72Percy Harvin262TM13785148316.19-1.63
73Paul Richardson22SEA15442927116.16-1.67
74Marqise Lee23JAX13693742216.12-1.71
75Riley Cooper27PHI16955557736.07-1.75
76Hakeem Nicks26IND16683840545.96-1.87
77James Jones30OAK161127366665.95-1.88
78Brandon Gibson27MIA14512929515.78-2.04
79Cordarrelle Patterson23MIN16673338415.73-2.10
80Jason Avant312TM16623435315.69-2.13
81Tavon Austin23STL15443124205.50-2.33
82Jeremy Kerley26NYJ16753840915.45-2.37
83Cecil Shorts27JAX131105355715.06-2.76

The “+/-“ column refers to how many yards each receiver is above or below the average yards per target among all wide receivers with at least 200 receiving yards. The average for all qualifying receivers is 7.83 yards per target.

Firstly, it is abundantly clear a quarterback’s accuracy greatly affects a wide receiver’s yards per target. This is partially exemplified with Randall Cobb and Jordy Nelson both finishing with over 10 yards per target.

Secondly, the depth of a wide receiver’s routes also greatly impacts their yards per target. For example, someone like DeSean Jackson who does most of his work deep down the field will compare favorably to someone like Julian Edelman who gobbles up most of his targets closer to the line of scrimmage.

We see elite numbers from DeSean Jackson, TY Hilton, Randall Cobb, Jordy Nelson, and Odell Beckham. These were the only wide receivers to top 10 yards per target.

Emmanuel Sanders, Julio Jones, and Dez Bryant follow closely. All three showed what happens when a talented wide receiver is paired with a solid quarterback.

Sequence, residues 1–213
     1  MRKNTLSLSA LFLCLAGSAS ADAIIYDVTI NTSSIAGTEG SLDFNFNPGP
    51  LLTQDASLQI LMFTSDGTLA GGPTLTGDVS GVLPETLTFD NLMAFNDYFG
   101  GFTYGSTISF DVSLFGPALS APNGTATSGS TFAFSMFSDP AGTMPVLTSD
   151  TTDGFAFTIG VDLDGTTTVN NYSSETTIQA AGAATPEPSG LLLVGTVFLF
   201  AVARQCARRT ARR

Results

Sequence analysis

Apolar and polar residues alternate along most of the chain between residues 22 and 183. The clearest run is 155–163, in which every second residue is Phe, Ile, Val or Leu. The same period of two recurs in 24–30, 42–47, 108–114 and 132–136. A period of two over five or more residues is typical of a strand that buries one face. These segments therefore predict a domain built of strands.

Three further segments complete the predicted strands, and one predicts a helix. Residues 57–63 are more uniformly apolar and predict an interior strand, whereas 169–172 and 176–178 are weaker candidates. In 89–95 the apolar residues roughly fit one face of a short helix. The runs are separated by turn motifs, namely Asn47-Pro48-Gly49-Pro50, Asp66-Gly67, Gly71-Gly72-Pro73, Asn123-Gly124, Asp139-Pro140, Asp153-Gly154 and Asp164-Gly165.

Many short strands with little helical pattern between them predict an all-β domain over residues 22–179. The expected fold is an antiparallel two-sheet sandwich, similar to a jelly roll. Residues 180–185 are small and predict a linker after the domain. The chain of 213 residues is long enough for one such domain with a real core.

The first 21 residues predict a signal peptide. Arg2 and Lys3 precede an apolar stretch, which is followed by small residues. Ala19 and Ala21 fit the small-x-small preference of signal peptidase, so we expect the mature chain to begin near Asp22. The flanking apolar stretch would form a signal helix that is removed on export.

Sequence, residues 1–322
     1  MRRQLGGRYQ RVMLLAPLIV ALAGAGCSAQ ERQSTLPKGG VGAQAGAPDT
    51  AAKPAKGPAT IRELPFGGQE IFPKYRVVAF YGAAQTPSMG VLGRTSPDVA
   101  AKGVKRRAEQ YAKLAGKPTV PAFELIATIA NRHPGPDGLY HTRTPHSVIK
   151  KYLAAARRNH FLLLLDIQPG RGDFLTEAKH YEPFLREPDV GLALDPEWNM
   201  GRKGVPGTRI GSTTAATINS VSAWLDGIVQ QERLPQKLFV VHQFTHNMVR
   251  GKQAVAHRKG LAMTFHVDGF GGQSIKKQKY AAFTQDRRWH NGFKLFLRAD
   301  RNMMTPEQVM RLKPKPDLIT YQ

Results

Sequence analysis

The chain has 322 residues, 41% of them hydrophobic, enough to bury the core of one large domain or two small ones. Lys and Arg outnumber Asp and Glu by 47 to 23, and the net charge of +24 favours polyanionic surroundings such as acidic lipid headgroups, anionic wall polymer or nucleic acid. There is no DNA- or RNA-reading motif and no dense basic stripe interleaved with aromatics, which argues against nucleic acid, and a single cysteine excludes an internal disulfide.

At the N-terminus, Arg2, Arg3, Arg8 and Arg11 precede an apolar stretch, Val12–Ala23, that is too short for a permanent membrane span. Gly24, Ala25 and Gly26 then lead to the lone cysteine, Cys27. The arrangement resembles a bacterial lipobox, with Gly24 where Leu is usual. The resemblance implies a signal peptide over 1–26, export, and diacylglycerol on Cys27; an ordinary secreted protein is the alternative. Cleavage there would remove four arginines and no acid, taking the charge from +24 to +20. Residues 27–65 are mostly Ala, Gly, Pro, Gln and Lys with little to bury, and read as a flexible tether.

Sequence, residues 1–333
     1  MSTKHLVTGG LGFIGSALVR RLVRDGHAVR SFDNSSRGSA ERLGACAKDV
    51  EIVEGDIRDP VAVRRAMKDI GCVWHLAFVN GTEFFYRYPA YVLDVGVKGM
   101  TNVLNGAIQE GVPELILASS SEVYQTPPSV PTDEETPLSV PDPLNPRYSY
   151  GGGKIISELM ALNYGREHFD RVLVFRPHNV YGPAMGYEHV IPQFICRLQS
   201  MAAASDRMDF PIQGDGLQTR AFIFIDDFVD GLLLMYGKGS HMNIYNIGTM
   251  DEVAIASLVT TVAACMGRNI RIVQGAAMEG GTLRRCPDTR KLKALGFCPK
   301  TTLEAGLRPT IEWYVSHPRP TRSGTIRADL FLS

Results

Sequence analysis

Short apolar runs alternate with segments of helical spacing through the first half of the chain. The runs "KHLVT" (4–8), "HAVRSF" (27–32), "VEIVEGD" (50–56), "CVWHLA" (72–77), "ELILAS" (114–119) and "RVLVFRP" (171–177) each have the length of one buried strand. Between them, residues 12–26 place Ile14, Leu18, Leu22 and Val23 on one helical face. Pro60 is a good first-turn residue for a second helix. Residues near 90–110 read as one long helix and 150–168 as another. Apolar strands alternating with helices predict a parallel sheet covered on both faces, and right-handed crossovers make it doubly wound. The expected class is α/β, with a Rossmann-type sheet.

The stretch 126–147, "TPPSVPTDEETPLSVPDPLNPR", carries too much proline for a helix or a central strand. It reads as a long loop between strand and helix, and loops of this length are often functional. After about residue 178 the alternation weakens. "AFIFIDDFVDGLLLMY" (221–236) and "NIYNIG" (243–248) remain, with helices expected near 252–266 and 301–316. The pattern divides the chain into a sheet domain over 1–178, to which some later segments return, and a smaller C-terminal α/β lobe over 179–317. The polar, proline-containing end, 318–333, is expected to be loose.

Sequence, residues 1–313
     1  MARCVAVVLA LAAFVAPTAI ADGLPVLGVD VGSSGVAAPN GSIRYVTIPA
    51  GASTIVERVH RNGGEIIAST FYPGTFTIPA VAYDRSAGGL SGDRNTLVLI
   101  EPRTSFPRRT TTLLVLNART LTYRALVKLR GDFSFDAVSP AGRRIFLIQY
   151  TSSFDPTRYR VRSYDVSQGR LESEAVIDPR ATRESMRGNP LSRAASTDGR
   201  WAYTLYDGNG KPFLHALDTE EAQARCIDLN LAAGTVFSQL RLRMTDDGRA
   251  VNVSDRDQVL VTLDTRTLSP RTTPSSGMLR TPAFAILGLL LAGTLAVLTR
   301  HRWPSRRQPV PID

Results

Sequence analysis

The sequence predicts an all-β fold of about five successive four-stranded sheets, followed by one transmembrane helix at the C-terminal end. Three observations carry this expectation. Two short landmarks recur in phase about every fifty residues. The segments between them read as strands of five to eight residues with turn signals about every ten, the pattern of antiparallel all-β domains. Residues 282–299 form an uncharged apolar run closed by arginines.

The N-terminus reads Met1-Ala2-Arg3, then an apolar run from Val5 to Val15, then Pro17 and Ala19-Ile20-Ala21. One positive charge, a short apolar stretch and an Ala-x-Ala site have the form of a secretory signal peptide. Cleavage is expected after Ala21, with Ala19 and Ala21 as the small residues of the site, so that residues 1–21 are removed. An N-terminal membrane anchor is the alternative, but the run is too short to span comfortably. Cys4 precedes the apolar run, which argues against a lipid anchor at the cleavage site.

DeAndre Hopkins comes in at 9.53 yards per target, lending some credence to those who believe he should be targeted more frequently. With Andre Johnson off to Indianapolis, his skills will be put to the test in 2015.

After averaging 9.93 yards per target over the past three seasons, Calvin Johnson fell to 8.41 yards per target. Was that was due to his ankle injury or decline? Your guess is as good as mine.

Alshon Jeffery was almost exactly average (7.81) last season. It’s a little alarming after he finished with 9.47 yards per target in 2013. This could also be attributable to his midseason hamstring injury but is worth considering with the relatively large amount of draft capital required to get him in drafts. But it would be remiss to forget about the effects of the inefficiency and inaccuracy of Jay Cutler when analyzing Jeffrey.

Mike Evans (8.61) and Jordan Matthews (8.47) both look ready for increased targets. Kelvin Benjamin, on the other hand, was terribly inefficient with just 6.95 yards per target.

Roddy White (7.37), Vincent Jackson (7.06), and Brandon Marshall (6.8) all showed signs of being on the wrong side of 30. Whether they’ll bounce back or not is up in the air, but father time is working against them.

Andre Johnson averaged just 6.41 yards per target and is another player that is on the wrong side of 30. He’s likely to improve with Andrew Luck, but it’s a question of whether he’ll improve enough to outperform his average draft position.

Out of players with at least 100 targets, Cecil Shorts (5.06) and James Jones (5.95) were the worst. They are examples of the marriage between questionable talent and below average quarterback play.